The interest which Major Hardy was exhibiting, as well as the promptness with which he had espoused my side of the quarrel, made me suspicious that he was not altogether sorry to be thus easily rid of Le Gaire. I could not venture questioning him on so delicate a matter, but without doubt he also saw the Louisianian in a new light, and began to comprehend the change in his daughter. Moreover the humor in the situation appealed to him, and, having once volunteered to serve me, he became thoroughly loyal to that purpose. His very presence gave me courage, and his words stiffened me for the coming ordeal. This was my first occasion of the kind and, as the earlier anger wore off, I found myself looking forward with some dread to the encounter. It was not fear, but the newness of the experience jarred my nerves. I paced back and forth across the room, only partially aware of what he was saying, endeavoring to straighten matters out in my own mind. Was I doing right? Was I justified in this course of action? I had followed the impulse of passion, the sting of Le Gaire’s blow driving all other memory from me. But now I realized the peril in which my action might involve others, the men under my command, for instance, and wondered what Billie would think and say when the news of the quarrel reached her. She would understand the real cause, yet, with her father upon my side, I was not likely to suffer greatly. Anyway the die was cast; it was too late now to regret. Bell returned full of apology and explanation, expressing a desire that the weapons be changed to pistols. Hardy arose from his chair, his eyes twinkling behind heavy lashes.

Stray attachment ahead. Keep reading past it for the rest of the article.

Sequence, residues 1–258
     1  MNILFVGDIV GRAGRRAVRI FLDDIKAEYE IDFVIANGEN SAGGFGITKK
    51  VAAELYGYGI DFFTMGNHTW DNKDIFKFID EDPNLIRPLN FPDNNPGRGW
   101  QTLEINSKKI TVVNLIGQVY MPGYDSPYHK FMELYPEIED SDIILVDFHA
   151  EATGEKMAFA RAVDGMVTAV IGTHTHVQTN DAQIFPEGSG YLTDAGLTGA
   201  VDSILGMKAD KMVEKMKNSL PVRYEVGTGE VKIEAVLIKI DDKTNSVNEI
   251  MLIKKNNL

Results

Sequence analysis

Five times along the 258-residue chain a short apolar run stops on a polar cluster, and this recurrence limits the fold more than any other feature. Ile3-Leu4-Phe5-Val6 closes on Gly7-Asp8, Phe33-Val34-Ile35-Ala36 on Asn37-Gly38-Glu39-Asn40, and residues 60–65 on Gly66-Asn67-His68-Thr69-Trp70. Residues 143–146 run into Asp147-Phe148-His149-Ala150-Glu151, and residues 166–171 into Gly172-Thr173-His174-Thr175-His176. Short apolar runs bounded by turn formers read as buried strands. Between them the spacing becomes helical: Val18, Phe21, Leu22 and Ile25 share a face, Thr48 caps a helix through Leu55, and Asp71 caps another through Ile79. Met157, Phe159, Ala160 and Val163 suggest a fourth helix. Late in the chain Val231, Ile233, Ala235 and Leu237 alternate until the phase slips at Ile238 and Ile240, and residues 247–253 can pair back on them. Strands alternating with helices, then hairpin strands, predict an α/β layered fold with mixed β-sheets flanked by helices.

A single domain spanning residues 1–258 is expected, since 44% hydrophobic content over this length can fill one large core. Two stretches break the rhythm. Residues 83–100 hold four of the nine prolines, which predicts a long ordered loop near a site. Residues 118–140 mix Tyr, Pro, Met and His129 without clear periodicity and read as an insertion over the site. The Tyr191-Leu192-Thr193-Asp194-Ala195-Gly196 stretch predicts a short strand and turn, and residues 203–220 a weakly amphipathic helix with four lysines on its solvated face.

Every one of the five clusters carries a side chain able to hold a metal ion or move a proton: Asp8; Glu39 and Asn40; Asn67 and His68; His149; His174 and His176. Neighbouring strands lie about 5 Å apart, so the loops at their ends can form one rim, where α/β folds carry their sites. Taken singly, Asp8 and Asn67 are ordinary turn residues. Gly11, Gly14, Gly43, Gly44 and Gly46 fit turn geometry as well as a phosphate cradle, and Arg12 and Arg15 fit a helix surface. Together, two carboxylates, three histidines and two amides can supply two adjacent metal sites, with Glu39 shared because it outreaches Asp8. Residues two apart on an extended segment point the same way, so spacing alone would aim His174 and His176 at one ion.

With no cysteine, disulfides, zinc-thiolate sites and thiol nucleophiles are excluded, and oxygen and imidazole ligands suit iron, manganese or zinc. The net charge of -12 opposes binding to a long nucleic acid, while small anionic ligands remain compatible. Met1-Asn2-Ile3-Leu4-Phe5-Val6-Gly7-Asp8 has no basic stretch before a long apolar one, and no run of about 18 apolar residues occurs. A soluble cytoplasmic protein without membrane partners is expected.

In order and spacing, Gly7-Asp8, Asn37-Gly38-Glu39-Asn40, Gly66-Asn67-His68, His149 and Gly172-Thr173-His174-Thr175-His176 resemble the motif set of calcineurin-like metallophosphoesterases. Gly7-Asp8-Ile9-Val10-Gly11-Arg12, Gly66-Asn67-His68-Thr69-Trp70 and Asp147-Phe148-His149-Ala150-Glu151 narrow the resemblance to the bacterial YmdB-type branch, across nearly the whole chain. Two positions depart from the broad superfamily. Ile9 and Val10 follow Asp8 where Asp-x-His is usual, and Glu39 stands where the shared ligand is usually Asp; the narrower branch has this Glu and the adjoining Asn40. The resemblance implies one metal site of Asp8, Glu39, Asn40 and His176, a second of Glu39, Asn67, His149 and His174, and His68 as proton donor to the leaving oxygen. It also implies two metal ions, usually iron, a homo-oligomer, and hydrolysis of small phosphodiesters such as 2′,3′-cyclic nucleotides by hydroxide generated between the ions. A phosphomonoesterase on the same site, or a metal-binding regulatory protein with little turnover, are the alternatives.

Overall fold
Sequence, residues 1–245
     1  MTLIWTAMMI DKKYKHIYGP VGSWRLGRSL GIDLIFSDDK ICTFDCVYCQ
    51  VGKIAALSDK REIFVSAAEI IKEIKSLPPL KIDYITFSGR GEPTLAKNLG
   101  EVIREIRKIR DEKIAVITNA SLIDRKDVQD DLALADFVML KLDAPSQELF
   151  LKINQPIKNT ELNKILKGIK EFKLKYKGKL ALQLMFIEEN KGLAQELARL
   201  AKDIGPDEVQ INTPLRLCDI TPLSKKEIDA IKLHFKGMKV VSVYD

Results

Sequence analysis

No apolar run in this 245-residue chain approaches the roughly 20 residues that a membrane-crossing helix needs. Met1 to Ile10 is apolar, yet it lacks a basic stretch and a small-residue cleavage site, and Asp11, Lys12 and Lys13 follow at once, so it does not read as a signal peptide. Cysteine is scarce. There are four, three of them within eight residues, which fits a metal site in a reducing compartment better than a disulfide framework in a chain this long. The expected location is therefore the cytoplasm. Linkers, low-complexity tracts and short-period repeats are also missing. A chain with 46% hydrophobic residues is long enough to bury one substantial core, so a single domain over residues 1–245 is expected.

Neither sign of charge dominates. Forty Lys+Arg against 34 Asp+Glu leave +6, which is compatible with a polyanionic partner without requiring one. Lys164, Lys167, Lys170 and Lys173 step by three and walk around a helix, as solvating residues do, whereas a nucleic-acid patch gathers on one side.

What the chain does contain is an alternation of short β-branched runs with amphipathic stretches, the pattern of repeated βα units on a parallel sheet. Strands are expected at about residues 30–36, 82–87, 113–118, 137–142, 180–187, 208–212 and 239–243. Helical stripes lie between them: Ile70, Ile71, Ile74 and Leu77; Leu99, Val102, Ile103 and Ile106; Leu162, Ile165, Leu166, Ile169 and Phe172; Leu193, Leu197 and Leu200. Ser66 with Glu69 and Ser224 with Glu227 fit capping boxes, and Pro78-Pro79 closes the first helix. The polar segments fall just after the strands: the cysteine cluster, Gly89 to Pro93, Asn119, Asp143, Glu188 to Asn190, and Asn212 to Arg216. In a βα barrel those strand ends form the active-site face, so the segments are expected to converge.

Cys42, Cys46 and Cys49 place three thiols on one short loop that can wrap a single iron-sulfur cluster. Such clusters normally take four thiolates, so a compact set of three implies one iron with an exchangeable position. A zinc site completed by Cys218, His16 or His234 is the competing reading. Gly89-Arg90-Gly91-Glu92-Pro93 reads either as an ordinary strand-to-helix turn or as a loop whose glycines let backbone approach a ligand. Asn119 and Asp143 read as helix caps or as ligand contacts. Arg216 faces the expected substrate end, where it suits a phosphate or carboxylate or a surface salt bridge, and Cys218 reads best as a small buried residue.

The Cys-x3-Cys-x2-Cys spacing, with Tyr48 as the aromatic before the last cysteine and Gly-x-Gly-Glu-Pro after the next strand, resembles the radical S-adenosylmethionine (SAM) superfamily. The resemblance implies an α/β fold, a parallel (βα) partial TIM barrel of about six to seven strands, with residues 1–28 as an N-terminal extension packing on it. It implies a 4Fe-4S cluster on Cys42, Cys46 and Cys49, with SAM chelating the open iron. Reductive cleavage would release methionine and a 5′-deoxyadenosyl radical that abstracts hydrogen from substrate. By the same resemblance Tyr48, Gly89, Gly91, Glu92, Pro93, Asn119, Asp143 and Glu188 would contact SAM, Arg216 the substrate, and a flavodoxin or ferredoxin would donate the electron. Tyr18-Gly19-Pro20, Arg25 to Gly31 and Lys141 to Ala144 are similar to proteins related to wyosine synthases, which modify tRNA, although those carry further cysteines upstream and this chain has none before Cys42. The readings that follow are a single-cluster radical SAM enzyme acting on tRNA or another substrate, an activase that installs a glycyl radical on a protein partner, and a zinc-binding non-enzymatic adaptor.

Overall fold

“Sure; Galesworth is easily satisfied. I have two derringers up stairs exactly alike; my father was out with them twice! Quite a fad duelling was in his day, but the guns haven’t been used for years. Come handy now. By the way, Lieutenant, you shoot equally well with either hand, I believe? Very valuable accomplishment; never could myself. We will meet you, Captain Bell, back of the stable in fifteen minutes. Sorry we have no surgeon present. That is all, is it not?” as the infantryman still lingered. “The minor details can be arranged on the field.”